Escapism isn't just fantasy and science fiction for me, genres across literature and film often associated with the term due to their fantastical natures, but it's the process of the film itself that does it for me no matter the genre or style.



There's a certain simplicity in that. Maybe that's why I like writing about film so much as well. I go in with certain assumptions and expectations, get lost for a few hours without really ever thinking much about it or even writing down notes (save for the credits), then come out of it and think back. Writing a critique or review is often not an emotional response for. I might feel certain things during those hours of escapism, but once its done I think back it less as a response and more like a surgeon dissecting said responses and the reasons behind it. Cold. Clinical maybe. But it allows me to focus and talk about film in a manner that isn't "it sucks" or "I hated it" as often is the case (especially on the internet).


All that aside, the helpful nature of my few moments of thoughtless bliss in front of a movie or television screen, I take time to watch the movies because I need to. It's always scheduled for me in my head. "Tonight I'll watch…" then throw a dart at my far too-large dvd collection. That explains the too-large collection in the first place. I know I'm going to watch movies. I know I'm going to rematch a good portion of them too. I like to have options mingled with a bit of convenience. Thank God for instant streaming in that regard, though I should probably curse it because it's almost too much now.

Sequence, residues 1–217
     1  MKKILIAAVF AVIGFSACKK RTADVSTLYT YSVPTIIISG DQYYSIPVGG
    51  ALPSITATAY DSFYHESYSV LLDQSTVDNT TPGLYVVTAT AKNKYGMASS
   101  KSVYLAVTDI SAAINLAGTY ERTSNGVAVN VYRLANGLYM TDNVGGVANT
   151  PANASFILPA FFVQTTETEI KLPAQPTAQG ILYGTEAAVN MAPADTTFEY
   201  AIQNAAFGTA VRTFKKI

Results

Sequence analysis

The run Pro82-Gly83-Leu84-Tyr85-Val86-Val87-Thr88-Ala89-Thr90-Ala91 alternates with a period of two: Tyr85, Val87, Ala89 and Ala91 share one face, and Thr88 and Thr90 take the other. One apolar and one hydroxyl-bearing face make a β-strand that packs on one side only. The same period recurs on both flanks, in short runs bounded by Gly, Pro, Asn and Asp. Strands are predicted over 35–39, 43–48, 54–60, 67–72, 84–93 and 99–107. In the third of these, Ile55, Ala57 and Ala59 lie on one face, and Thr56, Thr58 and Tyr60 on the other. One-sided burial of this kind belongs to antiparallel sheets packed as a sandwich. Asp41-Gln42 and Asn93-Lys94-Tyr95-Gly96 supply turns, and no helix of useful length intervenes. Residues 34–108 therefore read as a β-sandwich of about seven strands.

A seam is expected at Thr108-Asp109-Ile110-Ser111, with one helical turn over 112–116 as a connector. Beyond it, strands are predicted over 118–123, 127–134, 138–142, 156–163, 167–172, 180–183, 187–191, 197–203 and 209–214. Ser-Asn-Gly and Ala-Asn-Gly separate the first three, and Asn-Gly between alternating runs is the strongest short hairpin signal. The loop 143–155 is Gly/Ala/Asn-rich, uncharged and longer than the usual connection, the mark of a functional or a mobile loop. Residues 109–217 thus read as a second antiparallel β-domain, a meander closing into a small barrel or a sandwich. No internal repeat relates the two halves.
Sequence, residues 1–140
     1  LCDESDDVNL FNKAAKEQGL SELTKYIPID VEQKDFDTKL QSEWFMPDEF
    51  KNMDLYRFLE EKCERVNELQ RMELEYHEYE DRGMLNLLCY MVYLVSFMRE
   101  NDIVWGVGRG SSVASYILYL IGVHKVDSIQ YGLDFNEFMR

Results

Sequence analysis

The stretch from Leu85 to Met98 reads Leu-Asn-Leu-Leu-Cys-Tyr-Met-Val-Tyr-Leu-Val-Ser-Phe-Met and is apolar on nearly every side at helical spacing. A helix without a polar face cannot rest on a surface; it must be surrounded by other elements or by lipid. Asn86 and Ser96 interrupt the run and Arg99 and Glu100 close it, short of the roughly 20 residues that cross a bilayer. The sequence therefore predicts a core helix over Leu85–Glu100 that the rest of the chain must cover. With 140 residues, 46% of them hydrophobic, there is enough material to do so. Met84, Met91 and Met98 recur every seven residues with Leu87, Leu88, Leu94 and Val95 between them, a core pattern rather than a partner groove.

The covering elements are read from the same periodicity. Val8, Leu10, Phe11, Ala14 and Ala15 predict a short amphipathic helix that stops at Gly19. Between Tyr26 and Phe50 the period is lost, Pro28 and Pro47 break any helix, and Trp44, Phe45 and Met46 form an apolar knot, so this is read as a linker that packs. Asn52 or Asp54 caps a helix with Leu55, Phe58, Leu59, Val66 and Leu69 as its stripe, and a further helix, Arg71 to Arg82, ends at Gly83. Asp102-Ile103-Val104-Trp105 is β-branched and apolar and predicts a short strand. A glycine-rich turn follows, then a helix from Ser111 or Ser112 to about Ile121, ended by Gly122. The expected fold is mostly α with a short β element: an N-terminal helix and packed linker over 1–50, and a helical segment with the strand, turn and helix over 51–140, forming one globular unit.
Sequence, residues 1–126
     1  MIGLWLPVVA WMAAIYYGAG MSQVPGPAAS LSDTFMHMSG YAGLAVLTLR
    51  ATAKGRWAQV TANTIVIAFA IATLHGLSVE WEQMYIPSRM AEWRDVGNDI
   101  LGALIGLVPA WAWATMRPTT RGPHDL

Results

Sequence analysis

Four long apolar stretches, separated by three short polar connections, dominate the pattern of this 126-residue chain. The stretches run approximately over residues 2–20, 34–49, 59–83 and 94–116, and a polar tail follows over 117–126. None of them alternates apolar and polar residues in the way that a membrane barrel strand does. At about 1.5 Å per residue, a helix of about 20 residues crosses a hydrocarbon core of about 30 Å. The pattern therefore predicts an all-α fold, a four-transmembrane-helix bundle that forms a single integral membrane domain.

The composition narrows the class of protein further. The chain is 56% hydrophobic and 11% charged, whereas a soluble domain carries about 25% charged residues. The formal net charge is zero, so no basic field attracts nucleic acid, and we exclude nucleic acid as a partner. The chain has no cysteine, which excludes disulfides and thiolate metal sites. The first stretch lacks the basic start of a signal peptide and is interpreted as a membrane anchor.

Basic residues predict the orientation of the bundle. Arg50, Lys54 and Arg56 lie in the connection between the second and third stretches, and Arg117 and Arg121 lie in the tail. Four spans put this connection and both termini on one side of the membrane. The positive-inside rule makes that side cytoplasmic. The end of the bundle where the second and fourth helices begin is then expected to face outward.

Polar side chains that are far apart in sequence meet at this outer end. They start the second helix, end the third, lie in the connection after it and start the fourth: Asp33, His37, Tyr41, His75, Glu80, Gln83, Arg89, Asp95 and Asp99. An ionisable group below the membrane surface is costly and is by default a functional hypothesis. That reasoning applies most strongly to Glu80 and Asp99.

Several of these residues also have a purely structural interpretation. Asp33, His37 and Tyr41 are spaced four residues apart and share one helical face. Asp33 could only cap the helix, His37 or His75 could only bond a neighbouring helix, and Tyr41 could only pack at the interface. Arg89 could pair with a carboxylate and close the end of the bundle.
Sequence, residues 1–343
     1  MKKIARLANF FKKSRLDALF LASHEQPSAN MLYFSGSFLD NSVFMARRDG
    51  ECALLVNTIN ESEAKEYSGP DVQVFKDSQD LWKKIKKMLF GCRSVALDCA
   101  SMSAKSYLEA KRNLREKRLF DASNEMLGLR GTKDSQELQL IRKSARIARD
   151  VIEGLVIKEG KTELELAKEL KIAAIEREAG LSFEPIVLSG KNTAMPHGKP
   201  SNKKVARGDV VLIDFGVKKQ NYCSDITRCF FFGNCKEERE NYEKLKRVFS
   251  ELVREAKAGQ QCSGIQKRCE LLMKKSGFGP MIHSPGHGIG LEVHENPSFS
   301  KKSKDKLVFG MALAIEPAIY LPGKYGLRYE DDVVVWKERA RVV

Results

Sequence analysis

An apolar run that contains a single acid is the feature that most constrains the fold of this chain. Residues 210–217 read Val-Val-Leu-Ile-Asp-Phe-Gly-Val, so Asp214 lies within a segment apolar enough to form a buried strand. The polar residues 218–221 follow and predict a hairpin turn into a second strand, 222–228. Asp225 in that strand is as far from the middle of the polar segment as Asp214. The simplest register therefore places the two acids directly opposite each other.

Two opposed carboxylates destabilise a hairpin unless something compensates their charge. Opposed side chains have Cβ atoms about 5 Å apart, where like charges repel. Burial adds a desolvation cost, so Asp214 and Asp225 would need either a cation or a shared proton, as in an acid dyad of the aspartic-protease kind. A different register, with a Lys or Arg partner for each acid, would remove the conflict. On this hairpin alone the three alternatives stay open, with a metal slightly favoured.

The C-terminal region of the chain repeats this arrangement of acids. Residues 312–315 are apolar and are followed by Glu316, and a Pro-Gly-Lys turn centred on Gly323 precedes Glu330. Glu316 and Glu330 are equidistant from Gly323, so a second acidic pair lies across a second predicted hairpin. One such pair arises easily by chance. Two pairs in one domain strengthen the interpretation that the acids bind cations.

I always look forward to seeing a movie, but I do have prerequisites in that I hate being taken out of it. That's why I sometimes can't stand going to a theater, especially with a children's film playing. One of my worst experiences in a movie was going to see Up. It was full of kids, obnoxious adults and nobody paying attention to the movie. "Shut up and sit down!" I wanted to scream. But I never do. When that happens, my enjoyment is probably hindered more than most. Sure, nobody likes to have loud kids and people on phones when they're at the theater, but when it was done I couldn't tell if I liked the movie or not. I was so taken out of that escapist moment and thrust into a bitter reality. I need the silence. Sometimes the darkness depending on the film (darker films, either tonally or visually, need to be seen in the dark, whilst, say, a brighter movie I could watch anytime). I need as few distractions as possible. I don't get the moments of escapist any other time, so when that's taken away from me, the only times I ever ask for myself, I become an angry bitter man.


My ideal situation (the empty theater, not the woman...though she's not bad looking...nevermind).



Then again, maybe I'm just bitter by nature and I use my OCD-like obsession to movie watching, and protecting my ideal escapism, as an excuse to vent and point a finger.


Either way movies are to blame, but blame in a good way. You have problems, then you have good problems and loving film, becoming lost in it for whatever reason, is a good problem for me to have. With it comes an unprejudiced love for everything. From foreign dramas to westerns to space operas to adventure. If I didn't have this problem, I wouldn't love film as I do.